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can't believe my own mother has just said this!

(115 Posts)
willothewisp17 Sat 11-Nov-17 13:42:19

I'll try not to go on too much here and only give a little back story. DD was born at 30+6 weeks and had an 8 week hospital stay before she got home. I coped well with her in the hospital for the most part (few dark moments) and when she finally came home I was so so happy. but I started to get obsessive over feeds, weight gain, every little sneeze and had a ton of anxiety symptoms that I would not see about because it felt so ridiculous to be unhappy after I had waited so long for her.

last couple of weeks it's came to a head and I made an appointment with my GP who prescribed me citalopram .

my mother has just informed me that I don't need to be on medication, a good slap and being told to calm down would work perfectly fine.

aibu to think that's an awful thing to say to me?

TrojansAreSmegheads Sat 11-Nov-17 13:43:30

Message withdrawn at poster's request.

IcingSausage Sat 11-Nov-17 13:48:22

Yep, I’d agree someone needs a slap but it isn’t you.

TwinkleTee Sat 11-Nov-17 13:56:35

I'm really sorry that your mum isn't able to show you empathy and understanding when you are feeling so stressed out. It's not a particularly kind thing to say when what you need at the moment is kindness

DeepAutumn Sat 11-Nov-17 14:05:11


I see why you ended up with anxieties. I bet your childhood was not that great.

CheckpointCharlie2 Sat 11-Nov-17 14:06:01

Yes it is awful. She sounds like a cow.

DeepAutumn Sat 11-Nov-17 14:06:17

ps, my son was born at 36 weeks and i was very anxious as well.

CoolCarrie Sat 11-Nov-17 14:06:58

What a awful thing to say to anyone, but to her own daughter that really is bloody nasty. She is the one who needs a slap. Has she always been such a bitch to you willow?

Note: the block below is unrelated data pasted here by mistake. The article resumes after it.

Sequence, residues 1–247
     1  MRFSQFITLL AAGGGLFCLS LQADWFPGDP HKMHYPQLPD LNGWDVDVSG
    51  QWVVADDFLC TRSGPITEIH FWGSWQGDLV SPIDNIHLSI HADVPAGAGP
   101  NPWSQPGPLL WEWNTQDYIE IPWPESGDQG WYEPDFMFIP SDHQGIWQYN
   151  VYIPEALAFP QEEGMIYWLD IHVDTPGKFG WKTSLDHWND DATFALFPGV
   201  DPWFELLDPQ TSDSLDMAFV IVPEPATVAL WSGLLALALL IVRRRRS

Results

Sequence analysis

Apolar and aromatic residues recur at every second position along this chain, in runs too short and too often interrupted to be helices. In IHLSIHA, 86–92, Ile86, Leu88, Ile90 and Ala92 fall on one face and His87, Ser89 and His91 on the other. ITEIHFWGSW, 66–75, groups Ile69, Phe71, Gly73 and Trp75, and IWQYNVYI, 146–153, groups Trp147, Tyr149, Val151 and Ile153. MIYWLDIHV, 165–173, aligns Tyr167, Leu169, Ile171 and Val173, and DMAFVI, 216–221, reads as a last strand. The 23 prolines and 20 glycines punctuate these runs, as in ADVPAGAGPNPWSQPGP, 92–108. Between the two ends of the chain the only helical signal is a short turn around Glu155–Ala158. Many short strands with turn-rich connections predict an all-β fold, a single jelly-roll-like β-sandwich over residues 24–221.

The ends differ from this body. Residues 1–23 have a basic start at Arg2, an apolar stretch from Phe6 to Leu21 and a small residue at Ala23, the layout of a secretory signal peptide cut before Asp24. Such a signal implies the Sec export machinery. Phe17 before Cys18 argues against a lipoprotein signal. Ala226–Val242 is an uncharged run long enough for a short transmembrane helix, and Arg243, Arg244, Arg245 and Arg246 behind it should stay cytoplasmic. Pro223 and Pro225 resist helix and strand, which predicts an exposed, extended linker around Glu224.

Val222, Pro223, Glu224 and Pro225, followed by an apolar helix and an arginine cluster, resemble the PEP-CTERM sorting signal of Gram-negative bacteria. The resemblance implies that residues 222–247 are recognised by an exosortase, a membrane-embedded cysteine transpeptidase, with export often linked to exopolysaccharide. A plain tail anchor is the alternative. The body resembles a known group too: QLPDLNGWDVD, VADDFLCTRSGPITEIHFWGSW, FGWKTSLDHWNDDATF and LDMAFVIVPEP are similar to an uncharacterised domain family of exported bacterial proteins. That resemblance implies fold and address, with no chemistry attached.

TillyMint81 Sat 11-Nov-17 14:09:04

I second what autumn says.
My mum is the same. I built up the courage to speak to my sil about how bad I felt. She spoke to my mum who came round and said ‘and what’s all this bloody nonsense about driving into walls? Stop being so bloody stupid’

Step back from her a bit. She won’t help you at this point. Be kind to yourself. Anxiety around new baby is normal to a point but you have done the right thing asking for help. Might be worth speaking to someone too especially around the babies birth. You don’t have time to process it all straight away so it stands to reason that when you are home and things are settling that your brain has time to say ‘what if’ x

wheresthel1ght Sat 11-Nov-17 14:10:47

Your mum is hideous!

My dd is now 4 and I think it has only come to light recently that some of the things I have fekt/done could be a form of pnd. I have been on meds for about 12 weeks and starting to feel less like I need them to function.

You are doing the right thing! Hope you feel more stable soon! And congratulations on your baby!

willothewisp17 Sat 11-Nov-17 14:20:12

it's took me so long to actually bite the bullet and get help because I knew that I would be mocked. I've been on the receiving end of so much pressure to start weaning my daughter (she will be four months corrected on the 1st of December) and because I have refused to wean her I was told this

'DD will be that child sitting in McDonalds when she's five, all the other children will be having chicken nuggets and DD will be sitting drinking a bottle of aptamil'

how is mocking me like that helping at all? she mocks me because I keep a record of every feed, how much she takes, a record of every wet and dirty nappy. I can't help it! the obsession with feeding comes from when she was in the hospital, she couldn't come home until she had been taking suck feeds for at least 48 hours!

and because I'm feeling some side effects from the citalopram (nausea, little bit drowsy) I've been questioned as to whether I actually need them! apparently doctors just give out tablets willy nilly these days and my mother demanded to know what I actually said at my appointment! and then wondered why I wouldn't tell her.

Lovemusic33 Sat 11-Nov-17 14:20:45

My mother is the same, I recently went through a tough time (not after having a child but still I was rock bottom), gp put me on anti depressants as I was suicidal and really struggling. I told my mum and she told me to pull myself together and sort my life out, she told me I was being stupid taking pills. I no longer tell her about how I am feeling, if I'm feeling low I stay away from her as being told 'pull yourself together' is hardly going to help.

Jerseysilkvelour Sat 11-Nov-17 14:21:32

I also have a similarly awful mother if you would like to swap for a few days.

Well done you for getting yourself some help, and I hope you feel much better soon.

MyDobbygotgivenasock Sat 11-Nov-17 14:22:17